SRM, PowerCLI, and custom functions

One of the important benefits of the new PowerCLI release is that it exposes SRM’s public API in a relatively easy to consume manner. Having said that calling SRM API methods directly via PowerCLI is not exactly idiomatic. Here’s the example from the PowerCLI user guide on how to protect a VM.

# Connect to the vCenter Server system that the SRM server is registered with.
 Connect-VIServer -Server vc3.example.com -User 'MyAdministratorUser' -Password 'MyPassword'

 # Establish a connection to the local SRM server by providing credentials to the remote SRM site.
 $srm = Connect-SrmServer -RemoteUser 'MyRemoteUser' -RemotePassword 'MyRemotePassword'

 # List all protection groups associated with the SRM server.
 $srmApi = $srm.ExtensionData
 $protectionGroups = $srmApi.Protection.ListProtectionGroups()

 # Associate the TestVM virtual machine with the ProtGroup1 protection group and enable the protection for that virtual machine.
 $vmToAdd = Get-VM "TestVM"
 $targetProtectionGroup = $protectionGroups | where {$_.GetInfo().Name -eq "ProtGroup1" }
 $targetProtectionGroup.AssociateVms(@($vmToAdd.ExtensionData.MoRef)) # VR specific call

 # Enable protection for that virtual machine
 $protectionSpec = New-Object VMware.VimAutomation.Srm.Views.SrmProtectionGroupVmProtectionSpec
 $protectionSpec.Vm = $vmToAdd.ExtensionData.MoRef
 $protectTask = $targetProtectionGroup.ProtectVms($protectionSpec)
 while(-not $protectTask.IsComplete()) { sleep -Seconds 1 }

While the code is reasonably straightforward to follow along it doesn’t follow the PowerShell style and we can certainly try and simplify it.

What I am going to show is how you can create custom functions that make it easier to hide this complexity when you are trying to get stuff done. For example how about we replace all that API wrangling with a couple of custom functions? Something like this perhaps:

# Connect to the vCenter Server system that the SRM server is registered with.
 Connect-VIServer -Server vc3.example.com -User 'MyAdministratorUser' -Password 'MyPassword'

 # Establish a connection to the local SRM server by providing credentials to the remote SRM site.
 Connect-SrmServer -RemoteUser 'MyRemoteUser' -RemotePassword 'MyRemotePassword'

 # Find the protection group
 $pg = Get-ProtectionGroup -Name 'ProtGroup1'

 # Protect the Virtual Machine
 Get-VM -Name 'TestVM' | Protect-VM -ProtectionGroup $pg

In this example we’ve reduced 11 lines of API heavy code into 4 fairly simple lines by creating a couple of custom functions Get-ProtectionGroup and Protect-VM. These custom functions enable us to hide the complexity of calling the API directly. Here’s a quick video demonstrating this in action.

But we don’t have to stop there! SRM’s API exposes a lot of operations so there is plenty to automate. Let’s say you wanted a list of Virtual Machines that are included in a recovery plan, with custom functions this could be as easy as chaining together cmdlets to retrieve the recovery plan, find any associated protection groups and then the retrieve the VMs associated with those groups, e.g.:

Get-RecoveryPlan -Name 'Failover Site A' | Get-ProtectionGroup | Get-ProtectedVm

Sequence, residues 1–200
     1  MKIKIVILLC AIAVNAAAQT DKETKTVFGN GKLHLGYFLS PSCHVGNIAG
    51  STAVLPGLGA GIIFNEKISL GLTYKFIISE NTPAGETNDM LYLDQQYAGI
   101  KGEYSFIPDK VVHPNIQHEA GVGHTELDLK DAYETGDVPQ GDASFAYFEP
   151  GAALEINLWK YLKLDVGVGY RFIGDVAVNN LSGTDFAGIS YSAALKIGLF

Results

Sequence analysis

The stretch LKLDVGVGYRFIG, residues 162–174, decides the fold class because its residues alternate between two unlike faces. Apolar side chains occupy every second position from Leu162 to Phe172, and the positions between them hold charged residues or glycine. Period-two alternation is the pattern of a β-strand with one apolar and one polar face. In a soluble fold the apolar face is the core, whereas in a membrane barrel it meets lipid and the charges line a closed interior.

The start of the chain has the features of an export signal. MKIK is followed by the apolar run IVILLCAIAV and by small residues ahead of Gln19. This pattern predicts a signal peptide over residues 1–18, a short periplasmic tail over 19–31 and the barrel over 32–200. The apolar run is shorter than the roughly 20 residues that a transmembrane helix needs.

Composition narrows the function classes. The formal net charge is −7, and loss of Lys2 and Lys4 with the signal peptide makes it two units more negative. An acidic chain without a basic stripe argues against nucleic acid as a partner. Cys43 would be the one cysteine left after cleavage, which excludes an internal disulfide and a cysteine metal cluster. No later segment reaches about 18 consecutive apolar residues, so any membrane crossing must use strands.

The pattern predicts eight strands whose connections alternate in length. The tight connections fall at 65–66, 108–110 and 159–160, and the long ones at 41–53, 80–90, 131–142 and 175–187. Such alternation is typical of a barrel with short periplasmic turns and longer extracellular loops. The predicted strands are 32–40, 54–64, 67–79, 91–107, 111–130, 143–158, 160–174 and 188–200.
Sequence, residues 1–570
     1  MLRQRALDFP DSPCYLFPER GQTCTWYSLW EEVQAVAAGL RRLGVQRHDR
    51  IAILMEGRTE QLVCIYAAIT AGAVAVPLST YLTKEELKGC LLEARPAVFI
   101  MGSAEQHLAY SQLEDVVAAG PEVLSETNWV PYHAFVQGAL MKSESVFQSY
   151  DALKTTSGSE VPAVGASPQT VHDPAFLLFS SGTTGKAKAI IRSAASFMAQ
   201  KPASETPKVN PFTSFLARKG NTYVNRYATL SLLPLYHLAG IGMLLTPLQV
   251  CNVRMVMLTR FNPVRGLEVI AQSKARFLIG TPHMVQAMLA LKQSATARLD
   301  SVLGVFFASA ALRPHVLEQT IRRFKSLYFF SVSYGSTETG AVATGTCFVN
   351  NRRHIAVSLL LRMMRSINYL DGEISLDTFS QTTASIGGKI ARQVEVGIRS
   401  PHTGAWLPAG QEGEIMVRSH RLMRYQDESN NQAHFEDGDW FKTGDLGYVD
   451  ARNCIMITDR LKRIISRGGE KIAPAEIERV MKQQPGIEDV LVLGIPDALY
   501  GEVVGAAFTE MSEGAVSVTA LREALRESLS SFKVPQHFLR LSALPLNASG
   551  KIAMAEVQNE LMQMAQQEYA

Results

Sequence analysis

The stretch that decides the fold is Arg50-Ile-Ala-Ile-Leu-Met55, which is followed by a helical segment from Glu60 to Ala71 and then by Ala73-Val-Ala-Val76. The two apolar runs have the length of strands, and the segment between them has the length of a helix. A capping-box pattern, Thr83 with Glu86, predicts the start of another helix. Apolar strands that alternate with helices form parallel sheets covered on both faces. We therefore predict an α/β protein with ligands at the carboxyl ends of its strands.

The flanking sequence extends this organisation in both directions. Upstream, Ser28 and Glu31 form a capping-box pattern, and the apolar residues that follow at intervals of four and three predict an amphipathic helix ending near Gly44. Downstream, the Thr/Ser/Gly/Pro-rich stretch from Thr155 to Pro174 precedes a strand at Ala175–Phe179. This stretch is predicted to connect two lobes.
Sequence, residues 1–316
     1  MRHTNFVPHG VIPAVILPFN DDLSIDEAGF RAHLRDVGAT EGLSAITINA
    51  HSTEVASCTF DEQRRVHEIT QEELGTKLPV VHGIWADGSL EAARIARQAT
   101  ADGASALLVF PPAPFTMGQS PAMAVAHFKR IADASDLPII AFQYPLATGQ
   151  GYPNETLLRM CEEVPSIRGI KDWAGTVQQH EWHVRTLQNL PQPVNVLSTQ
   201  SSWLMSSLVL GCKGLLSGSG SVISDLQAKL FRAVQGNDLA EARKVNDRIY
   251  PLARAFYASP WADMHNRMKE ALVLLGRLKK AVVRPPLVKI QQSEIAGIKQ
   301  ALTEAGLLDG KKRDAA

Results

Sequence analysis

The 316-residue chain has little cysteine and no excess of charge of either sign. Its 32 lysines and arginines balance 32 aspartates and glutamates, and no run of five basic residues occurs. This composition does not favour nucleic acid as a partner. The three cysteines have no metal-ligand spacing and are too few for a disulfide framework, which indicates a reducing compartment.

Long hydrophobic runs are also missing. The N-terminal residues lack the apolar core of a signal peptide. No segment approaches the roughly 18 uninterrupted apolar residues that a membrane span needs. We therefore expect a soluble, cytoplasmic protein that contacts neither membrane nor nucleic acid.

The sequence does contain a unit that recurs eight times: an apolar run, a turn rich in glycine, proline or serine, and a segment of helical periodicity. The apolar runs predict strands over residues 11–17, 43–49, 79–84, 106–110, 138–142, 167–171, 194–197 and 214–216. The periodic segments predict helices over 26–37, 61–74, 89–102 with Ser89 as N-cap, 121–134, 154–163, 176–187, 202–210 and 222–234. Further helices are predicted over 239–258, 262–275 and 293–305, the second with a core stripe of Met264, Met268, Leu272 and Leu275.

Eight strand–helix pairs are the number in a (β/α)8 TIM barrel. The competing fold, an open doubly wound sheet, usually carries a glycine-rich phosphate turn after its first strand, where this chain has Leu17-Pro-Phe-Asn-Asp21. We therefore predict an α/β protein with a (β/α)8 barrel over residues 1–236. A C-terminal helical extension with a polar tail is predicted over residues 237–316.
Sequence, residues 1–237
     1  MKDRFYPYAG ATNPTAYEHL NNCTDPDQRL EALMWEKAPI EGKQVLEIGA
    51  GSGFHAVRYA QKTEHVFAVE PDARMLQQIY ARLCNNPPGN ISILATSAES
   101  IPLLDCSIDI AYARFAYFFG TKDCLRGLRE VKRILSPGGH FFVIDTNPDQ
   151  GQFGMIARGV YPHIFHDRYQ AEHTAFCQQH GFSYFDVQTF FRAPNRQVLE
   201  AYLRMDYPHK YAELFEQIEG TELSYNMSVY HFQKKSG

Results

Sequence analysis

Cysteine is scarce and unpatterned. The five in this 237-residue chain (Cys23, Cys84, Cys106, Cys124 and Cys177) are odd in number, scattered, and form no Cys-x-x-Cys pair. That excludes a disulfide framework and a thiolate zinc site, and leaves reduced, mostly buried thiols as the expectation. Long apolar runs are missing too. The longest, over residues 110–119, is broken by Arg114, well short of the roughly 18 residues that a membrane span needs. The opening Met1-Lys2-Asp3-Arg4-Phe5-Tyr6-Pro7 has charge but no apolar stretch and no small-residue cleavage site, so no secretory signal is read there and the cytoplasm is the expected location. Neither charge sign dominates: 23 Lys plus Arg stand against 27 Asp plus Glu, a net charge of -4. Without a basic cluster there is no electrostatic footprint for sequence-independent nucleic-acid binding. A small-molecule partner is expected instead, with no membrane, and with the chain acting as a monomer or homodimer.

…much simpler than having to call into the SRM API directly!

I’ve got very limited experience with PowerCLI but it wasn’t too difficult for me to knock up a few PowerCLI functions to do this. I’ve shared my SRM custom functions on Github (for illustrative purposes) and it has certainly proven useful for me. Hopefully there are some PowerCLI gurus out there and the community who can fix all the obvious mistakes I’ve no doubt made and share something better with the community!

Please share your feedback and let me know what kind of SRM operations you’d like to be able to automate and why.

SRM, PowerCLI, and some imagination

One of the things I really enjoy about being a Product Manager for VMware’s Site Recovery Manager is listening to people tell their stories. It’s always great to hear how customers have increased capacity to cope with disasters through the improved recovery orchestration and non-disruptive testing SRM offers them. As well as listening to customers celebrate their successes, being a Product Manager is about digging deep into the customers experience to understand the sources of any frustrations and identify areas where we can further improve.

One area I know that is of interest to SRM customers is increasing the automation around SRM itself. For example: being able to query SRM to see what is being protected (and what isn’t); kicking off recovery plan tests; and automatically protecting virtual machines with SRM during provisioning. Knowing this I was really pleased to hear that the PowerCLI team were working on some SRM cmdlets and, with PowerCLI 5.5 R2, that team has delivered!

My colleague Ken Werneburg wrote up a good overview of the cmdlets with some useful links and during the recent #vBrownBag Alan Renouf gave a great intro as well as a live demo (see video below).

VMworld 2013

In 2012 I attended VMworld for the first time. I managed to sneak in a breakout session or two amongst a multitude of customer briefings and prowling the Expo floor to see some of the shiny new things from the ecosystem. It was certainly an exciting event and a great introduction to the excitement and passion surrounding VMware. One of the few downsides to last years events was that I missed a lot of the after-hours activities due to the commute back to San Jose every evening.

Well it’s 2013 now and VMworld is rolling around again. This year I am lucky enough to be presenting a session, BCO5652 – Three Quirky Ways to Simplify DR with Site Recovery Manager. Also I will be taking advantage of San Francisco’s hotels and staying in the city during the conference so I can be closer to the action this year.